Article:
Gregory Horgan and Cayce Becket, founders of their eponymous studio, Horgan Becket , have always taken a hands-on approach to their projects. The husband-and-wife team not only design; they also fabricate, wielding blow torches, plasma cutters and CAD software with equal ease.
The couple, who met while students at the Pratt Institute , launched the studio in 2004 by creating architectural products (door handles, staircase rails), but quickly expanded to furniture. An early media cart had a series of staggered, open shelves for a flatscreen television, DVD player and speakers; it consisted of a welded-iron frame mounted on industrial wheels. Its brutalist lines were counterbalanced by an almost dissonant flourish: a curled metal motif, evoking unfurling tendrils.
As with a series of metal and wood bookcases and tables (with notably thinner proportions) that followed, Horgan Becket’s early pieces all had an “industrial modern” feel—an aesthetic that, at the time, few others were doing, explained Horgan. “That’s what gave us the start; that was the foundation. But after we started, the market really filled in in that area,” he said. “Now Restoration Hardware and everyone else has moved in. It’s not an area we wish to compete in.”
The firm’s recent Mesh Series is a departure from that earlier work in aesthetic and process. If the early pieces were about craft—every detail painstakingly finished by hand—the Mesh line is about efficiency and scalability. The potential for flat packing and higher speed production informed the design. Here, airy steel-wire bases, evocative of utilitarian fencing, are paired with butcher-block tops in maple and walnut. Although the basic elements (metal, wood) may have carried over, the bold addition of color—red, mint green, and blue-tinged gray—result in a vibe that is less turn-of-the-century-factory and decidedly more contemporary.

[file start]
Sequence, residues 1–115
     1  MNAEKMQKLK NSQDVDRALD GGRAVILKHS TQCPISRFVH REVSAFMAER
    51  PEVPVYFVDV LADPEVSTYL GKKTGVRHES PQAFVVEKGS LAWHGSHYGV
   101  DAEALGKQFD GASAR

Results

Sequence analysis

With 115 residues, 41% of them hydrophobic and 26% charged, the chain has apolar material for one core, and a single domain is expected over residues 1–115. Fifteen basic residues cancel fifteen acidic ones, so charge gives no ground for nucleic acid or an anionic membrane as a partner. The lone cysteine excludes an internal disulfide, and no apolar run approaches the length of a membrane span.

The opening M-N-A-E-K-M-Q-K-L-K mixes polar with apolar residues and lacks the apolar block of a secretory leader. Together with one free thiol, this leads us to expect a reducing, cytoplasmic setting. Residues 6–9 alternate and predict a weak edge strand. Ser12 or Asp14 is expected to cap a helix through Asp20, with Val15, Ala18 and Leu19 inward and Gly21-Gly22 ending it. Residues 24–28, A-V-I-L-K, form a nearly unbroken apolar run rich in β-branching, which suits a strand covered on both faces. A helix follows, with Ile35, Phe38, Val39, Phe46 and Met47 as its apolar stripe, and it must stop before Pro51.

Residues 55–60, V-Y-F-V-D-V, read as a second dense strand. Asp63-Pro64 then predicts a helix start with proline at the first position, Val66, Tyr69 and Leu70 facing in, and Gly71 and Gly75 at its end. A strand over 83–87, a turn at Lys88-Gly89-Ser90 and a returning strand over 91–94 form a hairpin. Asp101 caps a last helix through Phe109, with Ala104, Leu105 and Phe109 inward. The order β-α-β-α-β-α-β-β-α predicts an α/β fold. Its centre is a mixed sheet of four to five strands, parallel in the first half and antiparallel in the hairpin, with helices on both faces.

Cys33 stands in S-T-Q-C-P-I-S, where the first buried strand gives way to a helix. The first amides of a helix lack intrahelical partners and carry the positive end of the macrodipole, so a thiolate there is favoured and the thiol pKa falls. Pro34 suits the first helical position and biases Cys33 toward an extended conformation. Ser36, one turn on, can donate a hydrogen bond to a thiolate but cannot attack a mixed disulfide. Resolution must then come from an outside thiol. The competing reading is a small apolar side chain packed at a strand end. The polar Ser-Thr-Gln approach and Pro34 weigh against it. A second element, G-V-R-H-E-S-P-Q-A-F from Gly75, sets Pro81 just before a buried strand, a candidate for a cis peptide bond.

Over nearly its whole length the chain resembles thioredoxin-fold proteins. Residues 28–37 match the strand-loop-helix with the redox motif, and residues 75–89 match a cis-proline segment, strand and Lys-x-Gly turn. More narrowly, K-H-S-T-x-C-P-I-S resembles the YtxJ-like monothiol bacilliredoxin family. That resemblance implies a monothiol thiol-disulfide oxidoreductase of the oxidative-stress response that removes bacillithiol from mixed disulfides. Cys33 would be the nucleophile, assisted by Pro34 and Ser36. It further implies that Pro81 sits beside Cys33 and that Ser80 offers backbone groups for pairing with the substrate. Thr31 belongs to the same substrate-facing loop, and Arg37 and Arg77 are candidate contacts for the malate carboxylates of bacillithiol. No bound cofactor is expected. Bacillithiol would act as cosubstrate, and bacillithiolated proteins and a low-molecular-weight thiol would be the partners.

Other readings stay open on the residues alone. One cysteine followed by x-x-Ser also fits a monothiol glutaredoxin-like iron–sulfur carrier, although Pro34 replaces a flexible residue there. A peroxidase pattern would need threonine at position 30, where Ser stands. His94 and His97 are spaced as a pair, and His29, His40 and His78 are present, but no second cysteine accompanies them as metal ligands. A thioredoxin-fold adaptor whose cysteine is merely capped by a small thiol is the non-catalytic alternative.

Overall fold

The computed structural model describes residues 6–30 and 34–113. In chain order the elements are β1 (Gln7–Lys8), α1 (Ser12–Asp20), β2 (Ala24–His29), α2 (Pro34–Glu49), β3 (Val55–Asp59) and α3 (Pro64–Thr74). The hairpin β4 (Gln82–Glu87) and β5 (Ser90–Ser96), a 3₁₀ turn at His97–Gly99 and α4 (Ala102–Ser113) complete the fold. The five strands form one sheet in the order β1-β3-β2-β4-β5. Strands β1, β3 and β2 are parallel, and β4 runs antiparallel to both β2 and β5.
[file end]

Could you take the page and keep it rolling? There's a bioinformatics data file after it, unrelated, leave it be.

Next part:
Indeed, part of the appeal of the Mesh Series is its sense of nimbleness. According to Horgan, the bases were intended to be “structural, but also expressive.” And modularity is an essential part of the series’ DNA. “When we started it was a bench, but then we unlocked a formula for it,” said Horgan. “The line now includes 30 to 40 pieces, and that’s before counting anything custom.”
There are over a dozen standard table configurations, including a cafe table and a full-height work desk. Table legs can be swapped out for bench legs to create dining seating. There are also mesh panels to work with, which can be used to fashion a reception desk that’s enclosed on three sides, for example. To accommodate a line with so many SKUs, Horgan Becket expanded its once insular sourcing to what Horgan describes as “east coast local.” The firm has tapped vendors in Pennsylvania and Long Island but maintains tight control over all of the metal work.
The trajectory of Horgan Becket is perhaps telling. After graduating with degrees in architecture, Horgan and Becket founded their firm, then were wed years later. “Working together made it easier to get married,” explained Horgan. “By the time you get to that point, you know you’ve seen everything.” Or perhaps not everything. As the Mesh Series clearly demonstrates, good relationships always have the potential to evolve.